Eastern European banks lose tens of millions of dollars in Hollywood-style hacks

Cybercriminals leave laptops, Raspberry Pi boards, and USB thumb drives connected to banks IT networks.

Cyber-criminal gangs are believed to have stolen tens of millions of dollars from at least eight banks in Eastern Europe using tactics usually seen only in Hollywood movies.

These "hacks" consisted of cyber-criminals entering bank offices to inspect and then leave malicious devices connected to the bank's network.

Russian cyber-security firm Kaspersky Lab, which was called to investigate some of these mysterious cyber-heists, says it found three types of devices at central or regional offices at the eight banks it reviewed.

These included cheap laptops, Raspberry Pi boards, or malicious USB thumb drives known as Bash Bunnies.

Kaspersky said hackers left these devices connected to a bank network or computer, and then connected to the rogue device from a remote location using a GPRS, 3G, or LTE modem.

Hackers used this access to scan local networks for publicly shared folders, but also for web servers or any other computer with open access.

At the last stage of their attacks, attackers left malware on the bank's network, which they later used to orchestrate cyber-heists during which they stole funds from the banks' accounts.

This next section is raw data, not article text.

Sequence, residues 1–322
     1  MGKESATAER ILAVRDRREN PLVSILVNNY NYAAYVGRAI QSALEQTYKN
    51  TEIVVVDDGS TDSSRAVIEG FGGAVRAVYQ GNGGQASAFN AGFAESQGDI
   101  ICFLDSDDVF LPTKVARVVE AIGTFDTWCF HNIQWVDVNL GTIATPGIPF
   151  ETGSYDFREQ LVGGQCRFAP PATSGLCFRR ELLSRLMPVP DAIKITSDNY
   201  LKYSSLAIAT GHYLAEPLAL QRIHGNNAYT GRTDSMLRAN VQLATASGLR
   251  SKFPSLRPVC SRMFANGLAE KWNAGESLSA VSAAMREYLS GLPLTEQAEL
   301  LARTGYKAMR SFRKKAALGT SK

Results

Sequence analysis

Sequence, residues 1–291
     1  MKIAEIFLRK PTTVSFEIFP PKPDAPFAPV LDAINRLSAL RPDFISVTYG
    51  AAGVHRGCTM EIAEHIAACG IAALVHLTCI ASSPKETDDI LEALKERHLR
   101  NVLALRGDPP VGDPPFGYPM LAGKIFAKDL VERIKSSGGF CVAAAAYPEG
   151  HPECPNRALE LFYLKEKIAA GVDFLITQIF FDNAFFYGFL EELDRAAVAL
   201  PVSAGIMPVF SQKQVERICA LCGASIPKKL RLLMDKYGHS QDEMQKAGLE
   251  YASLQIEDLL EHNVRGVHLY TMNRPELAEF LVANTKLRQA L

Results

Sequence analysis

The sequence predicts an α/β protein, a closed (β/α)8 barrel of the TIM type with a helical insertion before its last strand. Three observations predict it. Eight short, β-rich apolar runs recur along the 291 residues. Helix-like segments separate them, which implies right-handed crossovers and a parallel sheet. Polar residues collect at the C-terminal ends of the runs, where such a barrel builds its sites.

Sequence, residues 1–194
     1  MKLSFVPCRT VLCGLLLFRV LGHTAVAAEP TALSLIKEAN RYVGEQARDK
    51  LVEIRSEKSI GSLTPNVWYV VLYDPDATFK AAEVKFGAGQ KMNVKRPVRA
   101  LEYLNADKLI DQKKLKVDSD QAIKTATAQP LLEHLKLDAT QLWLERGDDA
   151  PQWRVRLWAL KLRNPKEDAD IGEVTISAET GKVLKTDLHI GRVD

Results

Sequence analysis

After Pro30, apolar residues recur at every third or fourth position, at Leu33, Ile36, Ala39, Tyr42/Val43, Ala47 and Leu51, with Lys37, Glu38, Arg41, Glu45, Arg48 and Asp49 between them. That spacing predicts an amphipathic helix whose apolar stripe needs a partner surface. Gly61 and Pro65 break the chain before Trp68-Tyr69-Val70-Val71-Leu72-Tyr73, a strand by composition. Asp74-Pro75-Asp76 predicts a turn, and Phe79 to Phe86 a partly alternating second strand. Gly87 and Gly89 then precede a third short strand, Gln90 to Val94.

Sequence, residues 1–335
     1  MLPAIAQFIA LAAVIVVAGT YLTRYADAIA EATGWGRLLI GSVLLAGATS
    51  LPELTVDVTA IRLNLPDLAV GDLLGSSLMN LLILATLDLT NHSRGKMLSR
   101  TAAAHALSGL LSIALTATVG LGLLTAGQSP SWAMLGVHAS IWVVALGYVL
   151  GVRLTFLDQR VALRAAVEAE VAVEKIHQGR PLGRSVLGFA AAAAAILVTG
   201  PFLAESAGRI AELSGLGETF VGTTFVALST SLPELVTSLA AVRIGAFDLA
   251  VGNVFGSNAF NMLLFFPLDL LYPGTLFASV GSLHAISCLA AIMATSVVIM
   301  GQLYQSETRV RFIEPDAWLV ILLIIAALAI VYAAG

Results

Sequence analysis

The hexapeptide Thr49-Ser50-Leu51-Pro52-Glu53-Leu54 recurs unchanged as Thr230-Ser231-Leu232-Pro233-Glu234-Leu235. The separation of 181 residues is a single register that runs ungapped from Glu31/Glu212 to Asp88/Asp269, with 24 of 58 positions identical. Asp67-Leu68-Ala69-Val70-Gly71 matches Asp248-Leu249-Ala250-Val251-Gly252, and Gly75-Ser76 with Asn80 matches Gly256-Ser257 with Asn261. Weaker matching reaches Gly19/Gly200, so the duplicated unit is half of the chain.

Kaspersky experts said these hacks, which the company has been tracking under the codename of "DarkVishnya," have happened throughout 2017 and 2018, but declined to name the breached banks, due to privacy clauses in incident response contracts.

"Even in companies where security issues are taken seriously, planting such a device is not impossible," said Nikolay Pankov of Kaskerpsky Lab. "Couriers, job seekers, and representatives of clients and partners are commonly allowed into offices, so malefactors can try to impersonate any of them."

While a laptop would have been spotted more easily, the other two devices --the Raspberry Pi and Bash Bunnies-- are small and easy to hide. They only require a USB connection and were easy to sneak between a computer's cables or under desks.

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